Nice to read and hear so many stories over the past few weeks about the resilience and courage of citizens at home and abroad as they face man made terror or natural disasters of floods, volcanic explosions or major earthquakes.
But I am not impressed with the tone of the reporters worldwide who report with a note of proud surprise that citizens of the world, circa 2016, can be so brave in adversity and so caring for each other in their fight for survival and recovery. I do not question the veracity of their stories, but am constantly amazed that they write as though the terrors are new with the united courage to face them happening for the first time.
I can only assume the stories of self-sacrifice and neighbour helping neighbour are being told by post Second World War baby boomers and the X,Y,Z generations following them; generations that had never listened to their parents or grandparents. Or if they had listened, had paid scant attention, dismissing as boring, old stories of nightmares lived through, of courageous survivors and neighbours who cared and shared in times of duress.
For some the old wartime catch phrase “keep calm and carry on” was recited with a hint of laughter as funny as the now old codgers who once proudly recited the words as they stepped from air raid shelters into smoke filled dawns to look on devastated homes but kept calm and carried on.
Not an easy thing to do, then or now. When confronted with destruction of hearth and home tears and despair flow easily. But so does the calm joy of survival and the need to take courage, to clean up and start rebuilding. It’s the way we were, the way we are, the way I hope we shall always be in time of trouble.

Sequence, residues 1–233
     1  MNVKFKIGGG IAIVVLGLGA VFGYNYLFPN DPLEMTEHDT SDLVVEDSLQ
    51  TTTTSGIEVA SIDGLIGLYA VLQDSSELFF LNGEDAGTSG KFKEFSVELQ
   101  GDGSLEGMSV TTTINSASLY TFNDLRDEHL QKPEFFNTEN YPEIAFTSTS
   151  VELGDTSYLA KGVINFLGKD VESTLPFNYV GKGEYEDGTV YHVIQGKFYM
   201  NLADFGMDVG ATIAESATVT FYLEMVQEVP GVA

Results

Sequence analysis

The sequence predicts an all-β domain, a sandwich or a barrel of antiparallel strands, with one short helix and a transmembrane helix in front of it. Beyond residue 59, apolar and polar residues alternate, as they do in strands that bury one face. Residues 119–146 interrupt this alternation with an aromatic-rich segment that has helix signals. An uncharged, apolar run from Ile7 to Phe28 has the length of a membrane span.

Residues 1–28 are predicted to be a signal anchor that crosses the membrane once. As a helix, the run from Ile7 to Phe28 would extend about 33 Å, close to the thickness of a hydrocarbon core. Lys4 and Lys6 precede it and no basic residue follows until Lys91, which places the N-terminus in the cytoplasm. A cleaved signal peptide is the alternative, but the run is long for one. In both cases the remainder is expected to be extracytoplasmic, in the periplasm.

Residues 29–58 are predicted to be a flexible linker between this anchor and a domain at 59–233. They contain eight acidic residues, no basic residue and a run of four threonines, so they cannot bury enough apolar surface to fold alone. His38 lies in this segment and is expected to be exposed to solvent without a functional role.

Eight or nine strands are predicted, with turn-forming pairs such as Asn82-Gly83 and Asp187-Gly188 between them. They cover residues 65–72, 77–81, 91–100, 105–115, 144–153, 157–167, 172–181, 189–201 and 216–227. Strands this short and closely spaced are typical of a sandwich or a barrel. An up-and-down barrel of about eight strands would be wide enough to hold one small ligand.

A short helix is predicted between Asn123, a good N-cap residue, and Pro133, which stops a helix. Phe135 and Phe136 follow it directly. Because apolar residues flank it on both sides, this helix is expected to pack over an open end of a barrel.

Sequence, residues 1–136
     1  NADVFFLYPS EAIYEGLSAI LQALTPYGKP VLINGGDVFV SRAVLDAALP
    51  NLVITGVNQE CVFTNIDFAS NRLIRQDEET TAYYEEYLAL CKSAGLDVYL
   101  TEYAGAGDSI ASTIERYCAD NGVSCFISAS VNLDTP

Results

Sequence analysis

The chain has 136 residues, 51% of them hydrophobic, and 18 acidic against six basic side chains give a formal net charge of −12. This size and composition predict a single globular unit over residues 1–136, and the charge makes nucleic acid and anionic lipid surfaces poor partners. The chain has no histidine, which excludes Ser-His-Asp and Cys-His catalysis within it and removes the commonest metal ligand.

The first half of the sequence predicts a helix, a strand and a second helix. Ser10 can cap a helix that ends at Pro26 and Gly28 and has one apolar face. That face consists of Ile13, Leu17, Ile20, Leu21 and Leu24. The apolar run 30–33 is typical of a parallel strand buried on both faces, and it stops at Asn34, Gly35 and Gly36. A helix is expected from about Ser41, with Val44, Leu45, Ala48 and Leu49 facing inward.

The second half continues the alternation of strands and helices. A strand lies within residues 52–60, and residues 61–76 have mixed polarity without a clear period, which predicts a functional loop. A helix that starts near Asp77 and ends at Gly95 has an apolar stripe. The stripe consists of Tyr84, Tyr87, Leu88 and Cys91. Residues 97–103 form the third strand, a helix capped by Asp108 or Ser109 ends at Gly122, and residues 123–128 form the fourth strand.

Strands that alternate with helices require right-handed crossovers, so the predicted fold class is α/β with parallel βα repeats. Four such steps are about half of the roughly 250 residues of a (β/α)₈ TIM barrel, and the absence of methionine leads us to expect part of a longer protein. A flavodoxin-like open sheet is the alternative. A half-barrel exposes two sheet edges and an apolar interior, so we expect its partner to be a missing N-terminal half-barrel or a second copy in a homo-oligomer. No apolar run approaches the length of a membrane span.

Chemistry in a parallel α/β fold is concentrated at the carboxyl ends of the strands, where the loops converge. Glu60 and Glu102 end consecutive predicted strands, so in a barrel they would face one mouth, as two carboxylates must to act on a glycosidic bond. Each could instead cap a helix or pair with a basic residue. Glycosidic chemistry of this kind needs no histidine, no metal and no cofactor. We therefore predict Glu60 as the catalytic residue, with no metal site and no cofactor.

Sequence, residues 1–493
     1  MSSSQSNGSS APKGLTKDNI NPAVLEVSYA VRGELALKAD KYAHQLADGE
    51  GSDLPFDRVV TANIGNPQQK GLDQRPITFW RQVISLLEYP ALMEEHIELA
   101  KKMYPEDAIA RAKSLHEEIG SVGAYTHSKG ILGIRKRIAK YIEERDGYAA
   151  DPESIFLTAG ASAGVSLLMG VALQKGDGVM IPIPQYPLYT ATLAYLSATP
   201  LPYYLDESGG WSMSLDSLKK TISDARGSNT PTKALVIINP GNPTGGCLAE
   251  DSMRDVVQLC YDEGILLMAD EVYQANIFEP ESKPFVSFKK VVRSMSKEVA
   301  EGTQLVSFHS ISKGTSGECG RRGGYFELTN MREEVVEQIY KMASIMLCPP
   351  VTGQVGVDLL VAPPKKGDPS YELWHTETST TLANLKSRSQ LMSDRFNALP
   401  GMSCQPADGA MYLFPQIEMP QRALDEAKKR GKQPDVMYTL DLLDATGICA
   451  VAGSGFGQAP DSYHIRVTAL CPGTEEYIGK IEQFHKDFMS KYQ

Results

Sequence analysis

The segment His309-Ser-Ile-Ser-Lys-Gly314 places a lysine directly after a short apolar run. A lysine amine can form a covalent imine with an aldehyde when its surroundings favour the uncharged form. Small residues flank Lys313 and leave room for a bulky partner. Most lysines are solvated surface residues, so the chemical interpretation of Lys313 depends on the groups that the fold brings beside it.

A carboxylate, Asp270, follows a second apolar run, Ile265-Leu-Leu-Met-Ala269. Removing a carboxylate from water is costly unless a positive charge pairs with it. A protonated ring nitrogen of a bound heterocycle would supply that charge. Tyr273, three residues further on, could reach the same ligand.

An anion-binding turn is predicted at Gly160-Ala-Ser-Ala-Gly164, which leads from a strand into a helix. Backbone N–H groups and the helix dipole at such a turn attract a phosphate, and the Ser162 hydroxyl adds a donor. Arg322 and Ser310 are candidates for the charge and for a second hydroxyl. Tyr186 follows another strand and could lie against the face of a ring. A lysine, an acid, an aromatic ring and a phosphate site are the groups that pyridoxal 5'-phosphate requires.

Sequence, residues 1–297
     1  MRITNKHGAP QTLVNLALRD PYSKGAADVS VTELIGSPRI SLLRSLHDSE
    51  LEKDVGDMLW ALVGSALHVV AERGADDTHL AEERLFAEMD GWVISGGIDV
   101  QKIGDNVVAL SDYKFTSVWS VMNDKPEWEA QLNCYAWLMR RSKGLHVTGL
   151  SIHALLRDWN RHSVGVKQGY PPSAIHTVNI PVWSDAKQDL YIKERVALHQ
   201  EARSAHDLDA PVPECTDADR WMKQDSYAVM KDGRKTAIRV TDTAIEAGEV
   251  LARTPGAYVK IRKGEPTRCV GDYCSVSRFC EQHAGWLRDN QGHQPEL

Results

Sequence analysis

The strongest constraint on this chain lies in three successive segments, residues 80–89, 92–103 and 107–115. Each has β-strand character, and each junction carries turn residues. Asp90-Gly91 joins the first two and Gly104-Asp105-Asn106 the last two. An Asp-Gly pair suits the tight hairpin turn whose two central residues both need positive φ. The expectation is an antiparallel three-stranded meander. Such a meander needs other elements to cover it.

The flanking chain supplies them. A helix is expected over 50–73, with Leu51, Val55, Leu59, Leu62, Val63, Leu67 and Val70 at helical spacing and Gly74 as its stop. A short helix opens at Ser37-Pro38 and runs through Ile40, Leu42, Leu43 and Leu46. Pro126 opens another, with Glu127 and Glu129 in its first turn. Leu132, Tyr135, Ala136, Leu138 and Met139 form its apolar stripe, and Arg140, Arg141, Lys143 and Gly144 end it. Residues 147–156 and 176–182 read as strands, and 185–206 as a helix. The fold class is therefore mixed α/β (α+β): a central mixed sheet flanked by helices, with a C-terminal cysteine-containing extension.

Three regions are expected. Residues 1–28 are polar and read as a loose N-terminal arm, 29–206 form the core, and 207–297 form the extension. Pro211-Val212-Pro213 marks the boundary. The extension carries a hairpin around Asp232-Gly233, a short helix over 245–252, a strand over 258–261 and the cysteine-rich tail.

I remember my mother standing in the doorway to her always immaculate kitchen and weeping as she watched rain water cascading down a stair case before mixing on the scrubbed flagstone floor into a black sludge with soot bomb-shaken from a fire place chimney. The slate roof to our house – and our neighbours’ houses – lay shattered in the street. Rain had started to fall as the air raid all clear sounded.
She shed brief tears, ordered my sister to find a broom, shovel and mop. The cleanup had started. I was dispatched to check on an elderly couple living next door: “Make sure they’re alright and if they need anything … and then run up the street to see if Hannah Towers and her baby are alright and if they need anything and then run to meet your dad walking home from night shift to tell him we were all okay.” Mother didn’t want him turning a corner and fearing the worst when he saw a row of ruined houses.
My mother was not unusual. She was just one more among millions of mothers to whom “keep calm and carry on” was more than a catchy saying. It was an essential reaction when disaster, whether man made or by nature, brought unprecedented harm our way. And it’s comforting to know the genes of chivalry are still alive and well capable of surviving the cruelest of blows man or nature can deliver.
I just wish media in all its twittering forms would be less breathtaking in its reporting and, well, just “keep calm and carry on.”